Buhari’s 72- Hours ultimatum on Lagos Ports’ access roads belated – Stakeholders

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By Richards Adeniyi

The ports users in Apapa area of Lagos said the 72 hour ultimatum by President Muhammadu Buhari ordering trucks out of the ports access roads is belated, as such will not achieve anything.

They insisted that the order is simply a replay of the neglect the President has displayed to the Apapa stakeholders, whose businesses he allowed to go under for years following his refual to fix the ports access.

 This was the verdict of respondents whose views were sought on the order, previous orders, and the likelihood of its success.

 In the order, the President noted that the vacation would help in clearing the Apapa gridlock and help in restoring law and order to Apapa and its environs. The vacation notice was one of the outcomes of a meeting convened by President Buhari and chaired by Vice President Yemi Osinbajo on April 25, 2019.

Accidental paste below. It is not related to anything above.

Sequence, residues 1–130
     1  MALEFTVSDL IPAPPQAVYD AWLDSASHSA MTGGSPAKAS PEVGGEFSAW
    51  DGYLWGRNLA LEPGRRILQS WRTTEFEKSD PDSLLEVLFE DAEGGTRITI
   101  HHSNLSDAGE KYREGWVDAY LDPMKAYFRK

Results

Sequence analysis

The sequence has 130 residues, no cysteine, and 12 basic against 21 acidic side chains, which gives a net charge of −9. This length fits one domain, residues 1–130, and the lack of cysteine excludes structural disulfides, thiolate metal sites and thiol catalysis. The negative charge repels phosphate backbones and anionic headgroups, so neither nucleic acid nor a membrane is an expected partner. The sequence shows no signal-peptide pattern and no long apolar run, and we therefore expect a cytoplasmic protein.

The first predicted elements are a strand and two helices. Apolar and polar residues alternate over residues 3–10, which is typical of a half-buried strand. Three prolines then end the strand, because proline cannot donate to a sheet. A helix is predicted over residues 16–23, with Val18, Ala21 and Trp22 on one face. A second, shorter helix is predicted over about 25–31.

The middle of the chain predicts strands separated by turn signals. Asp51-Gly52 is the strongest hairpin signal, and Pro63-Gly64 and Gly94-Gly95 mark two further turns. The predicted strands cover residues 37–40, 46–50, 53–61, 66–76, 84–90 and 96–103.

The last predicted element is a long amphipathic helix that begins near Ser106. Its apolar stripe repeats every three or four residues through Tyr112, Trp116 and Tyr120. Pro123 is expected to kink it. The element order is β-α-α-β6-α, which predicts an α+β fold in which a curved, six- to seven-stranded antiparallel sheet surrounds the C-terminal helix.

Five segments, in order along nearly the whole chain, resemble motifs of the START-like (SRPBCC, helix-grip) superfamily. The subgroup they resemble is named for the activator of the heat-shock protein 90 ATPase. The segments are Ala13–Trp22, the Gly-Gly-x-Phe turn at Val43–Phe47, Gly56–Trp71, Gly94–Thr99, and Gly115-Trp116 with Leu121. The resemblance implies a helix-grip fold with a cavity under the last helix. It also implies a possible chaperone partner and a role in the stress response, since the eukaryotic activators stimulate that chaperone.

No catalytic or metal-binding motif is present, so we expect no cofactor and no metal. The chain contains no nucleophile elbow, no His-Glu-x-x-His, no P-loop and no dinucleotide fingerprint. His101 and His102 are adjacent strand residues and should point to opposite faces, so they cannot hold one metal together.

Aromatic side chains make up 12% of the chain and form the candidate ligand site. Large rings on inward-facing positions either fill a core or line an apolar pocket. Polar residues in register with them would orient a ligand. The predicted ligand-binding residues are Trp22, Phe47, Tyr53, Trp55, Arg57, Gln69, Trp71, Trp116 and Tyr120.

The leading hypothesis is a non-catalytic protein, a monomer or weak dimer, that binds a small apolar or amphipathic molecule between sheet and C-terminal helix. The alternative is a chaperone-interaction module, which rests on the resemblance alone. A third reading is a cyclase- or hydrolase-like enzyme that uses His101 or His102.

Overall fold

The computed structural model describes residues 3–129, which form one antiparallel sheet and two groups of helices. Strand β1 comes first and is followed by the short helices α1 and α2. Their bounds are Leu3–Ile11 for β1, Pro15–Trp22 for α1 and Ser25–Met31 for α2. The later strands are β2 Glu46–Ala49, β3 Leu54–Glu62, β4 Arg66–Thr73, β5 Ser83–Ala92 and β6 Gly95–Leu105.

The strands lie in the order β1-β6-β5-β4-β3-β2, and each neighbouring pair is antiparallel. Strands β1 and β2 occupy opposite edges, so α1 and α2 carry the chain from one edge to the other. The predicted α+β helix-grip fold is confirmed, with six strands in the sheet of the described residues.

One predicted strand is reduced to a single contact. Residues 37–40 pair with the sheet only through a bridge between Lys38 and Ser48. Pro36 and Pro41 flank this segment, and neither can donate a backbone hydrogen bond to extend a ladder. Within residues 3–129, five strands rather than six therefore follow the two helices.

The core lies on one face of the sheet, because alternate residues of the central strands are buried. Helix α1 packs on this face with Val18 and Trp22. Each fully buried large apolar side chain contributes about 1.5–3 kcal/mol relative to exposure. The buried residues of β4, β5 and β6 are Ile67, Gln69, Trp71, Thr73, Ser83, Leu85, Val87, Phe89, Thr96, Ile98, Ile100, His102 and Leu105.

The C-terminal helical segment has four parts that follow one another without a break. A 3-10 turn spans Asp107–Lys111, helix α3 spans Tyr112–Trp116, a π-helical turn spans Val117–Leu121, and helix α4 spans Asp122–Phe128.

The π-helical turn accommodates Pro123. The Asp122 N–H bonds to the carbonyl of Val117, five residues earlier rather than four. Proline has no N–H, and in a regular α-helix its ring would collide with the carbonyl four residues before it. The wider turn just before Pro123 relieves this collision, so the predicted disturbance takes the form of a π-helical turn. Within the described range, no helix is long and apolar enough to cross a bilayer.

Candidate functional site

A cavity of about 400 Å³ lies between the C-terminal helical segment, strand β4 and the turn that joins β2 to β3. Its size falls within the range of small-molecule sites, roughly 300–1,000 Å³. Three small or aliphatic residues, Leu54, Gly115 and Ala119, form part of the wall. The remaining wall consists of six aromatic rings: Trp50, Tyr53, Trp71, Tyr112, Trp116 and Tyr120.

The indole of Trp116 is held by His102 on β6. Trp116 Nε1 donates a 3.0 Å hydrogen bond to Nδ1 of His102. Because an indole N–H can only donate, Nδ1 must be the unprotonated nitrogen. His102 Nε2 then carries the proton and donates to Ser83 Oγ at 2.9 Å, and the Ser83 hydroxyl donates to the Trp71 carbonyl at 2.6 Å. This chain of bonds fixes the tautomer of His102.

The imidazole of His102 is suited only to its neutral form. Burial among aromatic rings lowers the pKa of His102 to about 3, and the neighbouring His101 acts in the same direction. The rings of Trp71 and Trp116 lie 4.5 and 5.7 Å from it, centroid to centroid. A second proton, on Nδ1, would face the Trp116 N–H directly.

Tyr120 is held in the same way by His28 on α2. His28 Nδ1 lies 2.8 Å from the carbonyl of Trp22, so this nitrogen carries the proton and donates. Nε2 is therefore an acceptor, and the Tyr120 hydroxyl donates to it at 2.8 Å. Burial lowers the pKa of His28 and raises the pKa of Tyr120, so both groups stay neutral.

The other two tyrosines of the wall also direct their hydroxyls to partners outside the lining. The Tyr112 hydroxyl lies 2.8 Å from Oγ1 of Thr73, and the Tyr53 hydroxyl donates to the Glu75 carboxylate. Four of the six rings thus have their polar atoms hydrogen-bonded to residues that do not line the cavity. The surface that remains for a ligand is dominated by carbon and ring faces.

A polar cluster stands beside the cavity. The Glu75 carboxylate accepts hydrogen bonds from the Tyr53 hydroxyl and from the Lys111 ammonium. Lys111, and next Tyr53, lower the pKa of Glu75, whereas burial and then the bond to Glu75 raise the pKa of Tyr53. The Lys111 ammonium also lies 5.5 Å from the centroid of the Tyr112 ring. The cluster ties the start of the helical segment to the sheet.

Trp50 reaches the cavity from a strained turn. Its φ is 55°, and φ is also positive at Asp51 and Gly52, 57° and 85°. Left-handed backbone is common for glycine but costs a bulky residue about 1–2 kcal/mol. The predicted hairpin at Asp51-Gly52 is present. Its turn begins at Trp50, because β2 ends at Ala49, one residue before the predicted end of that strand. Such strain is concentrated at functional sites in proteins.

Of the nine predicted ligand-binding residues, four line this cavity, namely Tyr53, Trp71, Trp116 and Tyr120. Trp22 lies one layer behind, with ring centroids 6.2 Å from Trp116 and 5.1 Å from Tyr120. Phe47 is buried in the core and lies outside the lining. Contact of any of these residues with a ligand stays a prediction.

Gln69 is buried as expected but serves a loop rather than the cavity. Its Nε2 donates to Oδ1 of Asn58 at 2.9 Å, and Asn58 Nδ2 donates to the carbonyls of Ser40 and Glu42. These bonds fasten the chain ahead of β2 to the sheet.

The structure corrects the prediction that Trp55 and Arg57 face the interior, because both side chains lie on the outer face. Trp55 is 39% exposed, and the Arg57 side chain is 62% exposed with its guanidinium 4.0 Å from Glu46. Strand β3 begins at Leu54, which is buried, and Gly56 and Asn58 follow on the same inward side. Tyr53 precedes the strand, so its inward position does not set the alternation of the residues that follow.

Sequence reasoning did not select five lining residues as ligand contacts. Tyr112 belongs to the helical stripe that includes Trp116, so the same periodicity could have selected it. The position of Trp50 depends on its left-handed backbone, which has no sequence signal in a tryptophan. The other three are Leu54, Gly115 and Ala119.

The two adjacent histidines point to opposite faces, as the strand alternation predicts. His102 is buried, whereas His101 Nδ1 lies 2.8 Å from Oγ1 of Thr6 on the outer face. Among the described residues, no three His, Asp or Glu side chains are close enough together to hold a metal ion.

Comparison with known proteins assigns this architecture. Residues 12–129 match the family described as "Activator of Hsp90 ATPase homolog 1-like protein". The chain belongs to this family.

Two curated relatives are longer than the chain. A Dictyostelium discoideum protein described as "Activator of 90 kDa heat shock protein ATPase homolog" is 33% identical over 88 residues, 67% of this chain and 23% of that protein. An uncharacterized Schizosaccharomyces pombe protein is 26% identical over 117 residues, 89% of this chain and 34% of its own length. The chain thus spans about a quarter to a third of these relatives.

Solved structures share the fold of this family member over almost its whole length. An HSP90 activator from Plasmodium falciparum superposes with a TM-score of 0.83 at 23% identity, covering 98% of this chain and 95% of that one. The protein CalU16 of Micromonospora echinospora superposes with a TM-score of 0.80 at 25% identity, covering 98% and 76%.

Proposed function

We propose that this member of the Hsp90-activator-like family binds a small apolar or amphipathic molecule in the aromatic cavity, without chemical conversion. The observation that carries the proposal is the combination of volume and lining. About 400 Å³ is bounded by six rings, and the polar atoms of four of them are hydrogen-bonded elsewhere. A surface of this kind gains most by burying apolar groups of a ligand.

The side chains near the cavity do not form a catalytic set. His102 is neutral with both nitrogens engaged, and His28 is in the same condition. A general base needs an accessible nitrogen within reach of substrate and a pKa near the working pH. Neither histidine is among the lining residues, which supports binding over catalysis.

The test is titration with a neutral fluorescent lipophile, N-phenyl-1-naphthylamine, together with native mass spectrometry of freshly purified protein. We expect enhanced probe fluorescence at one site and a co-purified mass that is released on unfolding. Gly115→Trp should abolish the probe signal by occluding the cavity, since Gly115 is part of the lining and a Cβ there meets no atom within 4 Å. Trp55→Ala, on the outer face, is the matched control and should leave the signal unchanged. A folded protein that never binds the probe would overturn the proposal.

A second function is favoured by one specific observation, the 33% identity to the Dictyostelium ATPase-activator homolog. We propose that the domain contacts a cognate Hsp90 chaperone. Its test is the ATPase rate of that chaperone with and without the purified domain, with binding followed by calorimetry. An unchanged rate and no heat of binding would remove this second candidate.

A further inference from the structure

In a no-holds-barred manner, Thursday, majority of clearing agents including truck drivers, food sellers, artesans, bank staff, commuters and business owners on this long-neglected stretch voiced out their feelings while speaking to National Daily staff.

As they stated, the directive by a president who they said made up his mind not to fix a critical infrastructure that enhances port activities, employment generation and growth of the nation’s economy cannot make a difference from the ones before it.

Reacting to what he described as a belated approach by a leader who he stated claims not to belong to anybody but to all, a staff of Zenith Bank in Coconut area wondered what the President expected to achieve this time around. “Has he now suddenly remembered that our businesses have gone under more than seven years the federal government neglected this road? Which one do we talk about: that the federal government is unwilling to do the needful or that the resources are not there?”. Pleading for anonymity, he bemoaned huge business losses and patronage his bank has suffered for years owing to the dilapidation of the road. He described the entire experience as political. “Otherwise”, he queried, “why will attention be focused more on roads in the north while neglecting the ports area, the golden hen that lays the golden eggs?”

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